But when did this happen? Again, one of the Genesis Annalists should have recorded it. And perhaps one did. Which one? Joseph, son of Israel, former steward to Potiphar, former “trusty” and almost a deputy warden at the House of the Curve (the Egyptian equivalent of Alcatraz, dug out of a sheer cliff at a curve of the Nile), and finally grand vizier of Egypt, during one of the most disastrous periods of the history of Egypt and the ancient Near East: the Biblical Famine.
In 1783, Mount Laki in Ireland erupted, with 9,000 casualties. It threw up a cloud of dust that disrupted the weather as far south as Egypt. Scientists at Rutgers University concluded: that dust cloud reduced the flow of the Nile, causing a famine as the annual Inundations fell below acceptable levels.
No scholar has yet traced the event that triggered the Biblical Famine: seven years of bounty, then seven years in which the Inundations failed. Now consider: suppose one of the fragments of Cruithne’s Big Brother fell, not to the moon, but to the earth? The Laki example clearly shows a big-enough meteor could kick up enough dust to affect the weather at the sources of the Nile. (The Nile begins as the union of two rivers, the White Nile and the Blue Nile.) So for seven years, the Nile fails to flood its bottom lands. Had not Pharaoh Djoser (the most likely candidate) thought to have anyone store enough food to get through that drought, the Egyptian state would not have survived. But of course the Bible tells us Djoser had two disturbing dreams of hunger wiping out plenty. Then his chief cupbearer suddenly said in effect, “Hey, I just remembered! A Hebrew trusty, down in that Hole where you sent me, predicted I would be back in your good graces in three days. Maybe you should talk to him!” With the result you know.
Let the still-skeptical reader consider this: none of the Genesis Annalists, except only Shem, Ham and Japheth while they kept the Log of Noah’s Ark, recorded dates with any degree of precision. Instead, for instance, Jacob records that “Reuben went, in the days of the wheat harvest, found mandrakes [Mandragora officinarum or some such species] growing in the field, and brought them to his mother Leah.” In sharp contrast, Moses records the precise date of the Passover: “in the first month, in the fourteenth day of the month.” He then records:
Now the time that the sons of Israel lived in Egypt was four hundred thirty years. And at the end of the four hundred thirty years, to the very day, all the hosts of YHWH went out from the land of Egypt. (Exodus 12:40-41, NASB)
Four hundred thirty years before, Jacob entered Egypt (Genesis chapter 46) with all his family who didn’t already live there. This happened after the Biblical Famine. Moses obviously could calculate the time as precisely as we can calculate it today. This strongly suggests the event that robbed the moon of its energy, and set the synodic month to its modern length, happened before Jacob entered Egypt but after Jacob left his father-in-law in Padan-Aram (ancient Syria) and returned to Canaan. The Biblical Famine is the most likely such event. We can now see it as an incidental casualty of the great bombardment of the moon.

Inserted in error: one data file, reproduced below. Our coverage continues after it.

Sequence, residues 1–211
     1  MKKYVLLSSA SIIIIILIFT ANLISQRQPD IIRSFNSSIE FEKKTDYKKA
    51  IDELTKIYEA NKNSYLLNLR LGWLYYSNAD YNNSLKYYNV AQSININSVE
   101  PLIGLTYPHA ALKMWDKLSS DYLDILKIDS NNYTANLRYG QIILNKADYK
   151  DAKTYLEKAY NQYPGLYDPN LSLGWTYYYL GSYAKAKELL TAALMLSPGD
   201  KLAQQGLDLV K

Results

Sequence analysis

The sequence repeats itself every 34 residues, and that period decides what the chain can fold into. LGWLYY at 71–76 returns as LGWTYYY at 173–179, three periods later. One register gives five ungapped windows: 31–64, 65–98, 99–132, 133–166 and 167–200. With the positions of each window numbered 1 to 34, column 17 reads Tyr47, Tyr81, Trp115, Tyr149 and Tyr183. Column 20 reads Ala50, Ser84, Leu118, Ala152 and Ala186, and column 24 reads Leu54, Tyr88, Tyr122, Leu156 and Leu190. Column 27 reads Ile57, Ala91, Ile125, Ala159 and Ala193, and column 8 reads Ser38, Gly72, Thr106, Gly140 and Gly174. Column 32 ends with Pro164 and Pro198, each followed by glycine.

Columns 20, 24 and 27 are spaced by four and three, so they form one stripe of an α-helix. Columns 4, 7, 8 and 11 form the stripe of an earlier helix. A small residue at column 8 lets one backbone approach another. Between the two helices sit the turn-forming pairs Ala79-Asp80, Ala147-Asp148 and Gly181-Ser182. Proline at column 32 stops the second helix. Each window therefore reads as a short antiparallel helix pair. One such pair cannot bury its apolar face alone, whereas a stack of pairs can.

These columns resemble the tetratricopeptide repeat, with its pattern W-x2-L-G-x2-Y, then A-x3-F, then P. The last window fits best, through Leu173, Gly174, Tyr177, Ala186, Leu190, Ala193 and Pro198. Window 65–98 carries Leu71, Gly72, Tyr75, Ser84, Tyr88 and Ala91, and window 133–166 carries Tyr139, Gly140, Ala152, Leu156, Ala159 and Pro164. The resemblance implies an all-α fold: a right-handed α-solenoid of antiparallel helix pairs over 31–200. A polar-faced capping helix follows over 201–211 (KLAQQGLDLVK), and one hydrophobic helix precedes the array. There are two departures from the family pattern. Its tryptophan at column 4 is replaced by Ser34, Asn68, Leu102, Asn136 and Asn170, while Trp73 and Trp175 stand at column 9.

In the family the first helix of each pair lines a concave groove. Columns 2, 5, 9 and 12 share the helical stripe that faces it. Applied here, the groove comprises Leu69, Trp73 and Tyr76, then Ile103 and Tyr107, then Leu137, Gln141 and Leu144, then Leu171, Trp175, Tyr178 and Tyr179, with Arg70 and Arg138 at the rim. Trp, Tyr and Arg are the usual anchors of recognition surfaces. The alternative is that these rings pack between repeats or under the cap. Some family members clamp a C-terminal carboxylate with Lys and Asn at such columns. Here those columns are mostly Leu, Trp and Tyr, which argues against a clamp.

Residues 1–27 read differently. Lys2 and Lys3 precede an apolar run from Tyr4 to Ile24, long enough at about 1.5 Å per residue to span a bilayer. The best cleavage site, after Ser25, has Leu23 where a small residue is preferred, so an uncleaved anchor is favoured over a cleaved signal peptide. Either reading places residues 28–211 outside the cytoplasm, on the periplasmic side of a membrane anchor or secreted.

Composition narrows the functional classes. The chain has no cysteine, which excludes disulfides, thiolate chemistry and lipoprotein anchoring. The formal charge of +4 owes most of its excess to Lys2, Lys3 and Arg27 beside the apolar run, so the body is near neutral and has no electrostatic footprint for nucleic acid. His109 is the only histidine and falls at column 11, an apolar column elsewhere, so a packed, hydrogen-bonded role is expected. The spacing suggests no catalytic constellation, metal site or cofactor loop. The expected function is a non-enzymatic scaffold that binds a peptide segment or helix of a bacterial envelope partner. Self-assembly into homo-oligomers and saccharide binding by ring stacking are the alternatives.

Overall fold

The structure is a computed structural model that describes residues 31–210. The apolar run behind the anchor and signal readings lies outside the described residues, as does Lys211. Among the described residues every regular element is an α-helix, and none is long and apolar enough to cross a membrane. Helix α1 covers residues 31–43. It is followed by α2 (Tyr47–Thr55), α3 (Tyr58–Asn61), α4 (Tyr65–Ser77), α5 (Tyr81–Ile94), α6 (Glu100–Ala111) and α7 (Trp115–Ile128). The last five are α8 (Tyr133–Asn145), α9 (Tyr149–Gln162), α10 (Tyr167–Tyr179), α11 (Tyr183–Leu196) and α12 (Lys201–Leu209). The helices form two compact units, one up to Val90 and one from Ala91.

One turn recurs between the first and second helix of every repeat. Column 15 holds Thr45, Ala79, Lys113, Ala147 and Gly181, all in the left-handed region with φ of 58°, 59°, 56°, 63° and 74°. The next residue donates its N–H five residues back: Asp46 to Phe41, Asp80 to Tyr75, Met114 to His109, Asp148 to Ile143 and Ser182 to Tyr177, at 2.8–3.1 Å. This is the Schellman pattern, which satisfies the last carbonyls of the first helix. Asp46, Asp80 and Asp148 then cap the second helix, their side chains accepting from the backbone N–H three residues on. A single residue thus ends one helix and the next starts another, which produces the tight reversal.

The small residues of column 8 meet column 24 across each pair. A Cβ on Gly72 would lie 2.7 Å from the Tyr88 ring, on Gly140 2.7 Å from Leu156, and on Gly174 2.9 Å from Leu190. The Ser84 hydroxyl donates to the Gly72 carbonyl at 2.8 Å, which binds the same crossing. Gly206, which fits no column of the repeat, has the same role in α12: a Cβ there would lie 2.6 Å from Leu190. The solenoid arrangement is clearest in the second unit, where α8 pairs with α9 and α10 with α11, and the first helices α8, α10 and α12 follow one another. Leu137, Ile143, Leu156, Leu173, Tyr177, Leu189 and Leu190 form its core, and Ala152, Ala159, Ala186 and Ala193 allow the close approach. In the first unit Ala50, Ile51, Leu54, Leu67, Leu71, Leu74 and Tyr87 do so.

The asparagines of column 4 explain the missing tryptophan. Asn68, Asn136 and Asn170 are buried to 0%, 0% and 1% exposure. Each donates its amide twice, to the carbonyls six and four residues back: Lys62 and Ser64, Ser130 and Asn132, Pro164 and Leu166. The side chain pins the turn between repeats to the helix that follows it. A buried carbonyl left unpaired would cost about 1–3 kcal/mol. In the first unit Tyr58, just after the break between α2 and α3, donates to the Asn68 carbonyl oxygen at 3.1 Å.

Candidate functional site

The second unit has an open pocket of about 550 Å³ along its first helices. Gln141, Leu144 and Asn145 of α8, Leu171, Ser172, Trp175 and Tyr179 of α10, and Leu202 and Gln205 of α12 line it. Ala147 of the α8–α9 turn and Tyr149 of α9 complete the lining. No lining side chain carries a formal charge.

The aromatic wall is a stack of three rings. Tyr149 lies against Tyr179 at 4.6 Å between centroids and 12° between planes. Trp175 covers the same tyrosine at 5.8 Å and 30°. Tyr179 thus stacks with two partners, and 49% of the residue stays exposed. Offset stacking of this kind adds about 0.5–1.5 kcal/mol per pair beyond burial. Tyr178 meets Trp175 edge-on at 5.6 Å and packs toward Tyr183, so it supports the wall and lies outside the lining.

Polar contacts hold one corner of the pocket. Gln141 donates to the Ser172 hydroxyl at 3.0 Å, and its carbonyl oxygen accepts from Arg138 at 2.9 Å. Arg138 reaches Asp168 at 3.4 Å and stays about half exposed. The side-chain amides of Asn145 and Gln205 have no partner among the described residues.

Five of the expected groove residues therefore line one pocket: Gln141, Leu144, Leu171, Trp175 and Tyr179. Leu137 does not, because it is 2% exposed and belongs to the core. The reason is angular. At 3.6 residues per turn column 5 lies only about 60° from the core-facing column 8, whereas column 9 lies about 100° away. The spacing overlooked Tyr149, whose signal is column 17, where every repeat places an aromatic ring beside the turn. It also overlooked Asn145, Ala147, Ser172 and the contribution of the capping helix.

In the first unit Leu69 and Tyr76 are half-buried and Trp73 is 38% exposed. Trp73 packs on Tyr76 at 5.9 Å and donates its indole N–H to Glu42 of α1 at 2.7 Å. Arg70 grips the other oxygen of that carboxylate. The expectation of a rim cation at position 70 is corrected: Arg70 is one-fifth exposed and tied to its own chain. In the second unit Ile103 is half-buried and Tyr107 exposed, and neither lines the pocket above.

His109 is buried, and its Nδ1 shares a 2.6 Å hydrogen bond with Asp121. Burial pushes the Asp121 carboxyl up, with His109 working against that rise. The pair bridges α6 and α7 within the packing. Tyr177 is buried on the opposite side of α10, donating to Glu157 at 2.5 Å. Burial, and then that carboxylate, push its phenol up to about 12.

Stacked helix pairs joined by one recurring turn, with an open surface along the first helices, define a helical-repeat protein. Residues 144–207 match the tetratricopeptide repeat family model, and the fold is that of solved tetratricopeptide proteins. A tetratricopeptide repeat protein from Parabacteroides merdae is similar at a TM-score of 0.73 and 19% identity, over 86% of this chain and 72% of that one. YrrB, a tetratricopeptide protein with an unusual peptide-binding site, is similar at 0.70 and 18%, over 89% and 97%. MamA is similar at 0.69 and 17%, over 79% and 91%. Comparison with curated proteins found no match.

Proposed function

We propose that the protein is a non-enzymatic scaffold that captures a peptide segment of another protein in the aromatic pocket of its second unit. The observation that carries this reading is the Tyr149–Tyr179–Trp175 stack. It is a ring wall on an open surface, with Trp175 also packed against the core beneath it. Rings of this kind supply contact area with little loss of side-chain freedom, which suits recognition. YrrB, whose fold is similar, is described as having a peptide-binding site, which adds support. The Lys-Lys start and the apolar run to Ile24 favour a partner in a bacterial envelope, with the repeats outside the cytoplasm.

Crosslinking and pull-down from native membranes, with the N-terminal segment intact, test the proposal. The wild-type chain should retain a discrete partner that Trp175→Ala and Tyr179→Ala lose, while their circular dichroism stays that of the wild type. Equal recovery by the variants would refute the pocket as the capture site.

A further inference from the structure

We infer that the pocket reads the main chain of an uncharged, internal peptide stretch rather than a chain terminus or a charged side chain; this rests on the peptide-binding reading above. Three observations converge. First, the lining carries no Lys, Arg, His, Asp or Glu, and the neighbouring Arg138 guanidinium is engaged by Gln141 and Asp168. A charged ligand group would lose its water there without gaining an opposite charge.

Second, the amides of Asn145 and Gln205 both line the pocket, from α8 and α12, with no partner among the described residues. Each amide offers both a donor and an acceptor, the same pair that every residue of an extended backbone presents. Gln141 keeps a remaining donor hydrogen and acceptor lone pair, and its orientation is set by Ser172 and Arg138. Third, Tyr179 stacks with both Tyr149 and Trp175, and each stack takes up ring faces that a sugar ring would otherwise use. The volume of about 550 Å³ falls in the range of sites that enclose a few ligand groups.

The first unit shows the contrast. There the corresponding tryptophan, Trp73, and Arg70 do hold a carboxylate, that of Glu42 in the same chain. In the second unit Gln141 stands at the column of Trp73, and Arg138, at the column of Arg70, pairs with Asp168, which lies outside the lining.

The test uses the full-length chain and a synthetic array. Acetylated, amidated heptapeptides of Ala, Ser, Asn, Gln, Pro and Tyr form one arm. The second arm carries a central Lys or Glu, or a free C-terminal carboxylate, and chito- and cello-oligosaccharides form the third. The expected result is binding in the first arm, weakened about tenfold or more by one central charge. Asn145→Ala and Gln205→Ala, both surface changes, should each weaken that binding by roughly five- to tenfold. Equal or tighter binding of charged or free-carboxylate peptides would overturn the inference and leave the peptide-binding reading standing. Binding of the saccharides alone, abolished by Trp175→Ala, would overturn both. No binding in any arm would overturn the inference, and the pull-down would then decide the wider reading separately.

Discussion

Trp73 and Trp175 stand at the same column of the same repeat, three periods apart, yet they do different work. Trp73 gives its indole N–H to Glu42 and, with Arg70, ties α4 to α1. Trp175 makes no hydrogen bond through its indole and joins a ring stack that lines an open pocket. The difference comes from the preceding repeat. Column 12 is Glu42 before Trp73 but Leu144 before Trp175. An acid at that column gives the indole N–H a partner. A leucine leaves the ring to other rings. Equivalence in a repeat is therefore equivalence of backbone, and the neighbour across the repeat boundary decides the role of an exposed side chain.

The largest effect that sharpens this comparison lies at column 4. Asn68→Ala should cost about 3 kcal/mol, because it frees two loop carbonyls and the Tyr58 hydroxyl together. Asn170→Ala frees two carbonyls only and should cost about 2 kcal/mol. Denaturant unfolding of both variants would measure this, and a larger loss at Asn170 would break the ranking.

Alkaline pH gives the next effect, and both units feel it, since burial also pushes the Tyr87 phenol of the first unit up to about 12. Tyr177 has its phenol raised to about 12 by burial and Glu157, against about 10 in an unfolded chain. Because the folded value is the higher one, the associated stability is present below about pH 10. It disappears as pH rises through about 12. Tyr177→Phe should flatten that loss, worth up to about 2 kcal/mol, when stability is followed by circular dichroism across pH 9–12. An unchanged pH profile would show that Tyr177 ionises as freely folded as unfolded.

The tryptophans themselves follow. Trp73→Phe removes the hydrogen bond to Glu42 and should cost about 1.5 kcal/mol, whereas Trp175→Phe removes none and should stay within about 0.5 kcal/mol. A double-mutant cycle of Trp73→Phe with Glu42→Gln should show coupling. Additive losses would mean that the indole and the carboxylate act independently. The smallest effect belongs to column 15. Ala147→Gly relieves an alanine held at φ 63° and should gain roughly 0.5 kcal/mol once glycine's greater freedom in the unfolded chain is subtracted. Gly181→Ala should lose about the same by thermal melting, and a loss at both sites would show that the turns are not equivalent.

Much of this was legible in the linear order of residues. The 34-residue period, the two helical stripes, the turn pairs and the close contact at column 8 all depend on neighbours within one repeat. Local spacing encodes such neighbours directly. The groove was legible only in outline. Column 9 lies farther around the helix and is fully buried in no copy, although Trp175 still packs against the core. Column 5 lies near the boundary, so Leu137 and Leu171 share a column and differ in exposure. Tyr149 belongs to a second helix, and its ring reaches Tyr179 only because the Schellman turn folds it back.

Why didn’t anyone see that bombardment? Because it likely happened during or within days of the dark of the moon. Even such high-energy impacts, enough to produce lava flows, might not have produced flashes of light anyone could see that close to the sun. (And of course, nighttime observers could see nothing at all.)
Dr. Brown and this correspondent have examined the evidence of the last half century. This includes the test missions of Project Apollo (VIII and X), the six successful sample-and-return missions (XI, XII, XIV, XV, XVI, and XVII), and more recent, higher-precision measurements from robotic missions (GRAIL, Lunar Prospector, and others). We conclude the moon suffered a high-energy bombardment from large amounts of water, mud, and rocks, varying in size from microscopic dust particles to the great impactors that persist as the mascons. These large impactors fell mainly on the leading face of the moon. They unbalanced the distribution of mass and thus turned that leading face toward the earth permanently in tidal lock. Before the tidal lock happened, innumerable impactors fell on the moon, predominantly during its crescent phases.
The material for these impactors first came from the breakout of a subcrustal ocean under tremendous pressure. Much of this material formed companion asteroids that fell into “horseshoe orbits” around the earth (actually around the sun but apparently around the earth). At least one of these companion asteroids drifted inside the Roche limit of the moon and broke up into several large fragments. These fell to the moon, started the lava flows that formed the maria, and also robbed the moon of about six percent of the orbital energy it once had. This dropped it into a lower orbit with a shorter period. But at least one fragment fell to earth. This high-energy impact threw up enough dust to disrupt the weather at the sources of the Nile River. This catastrophic weather change provoked the Biblical Famine, which only Divine warning stopped short of the destruction of the civilizations of the ancient Near East.
The ancient Hebrews reckoned their months by the rising and falling of the Moon and the ripening of the barley in Jerusalem. This hint about the intercalary month of Adar sheni suggests the Israelites “threw in” this month during the Exodus (1491-1451 BC). They likely threw it in earlier, since they first entered Egypt 430 years before that event.
The same impacts that dropped the moon into a lower and shorter orbit, also gave the moon its heat. We do not have precise-enough projections of how much heat the moon is radiating away. More-precise readings of the lunar heat flux, enough to produce a decay curve, and better modeling of the heat release from impacts from objects of different masses, might tell us over what period the slow-down of the moon occurred, and how hot the moon could have gotten, from a cold “start.” in a series of impacts starting about fifty-three hundred years before the present.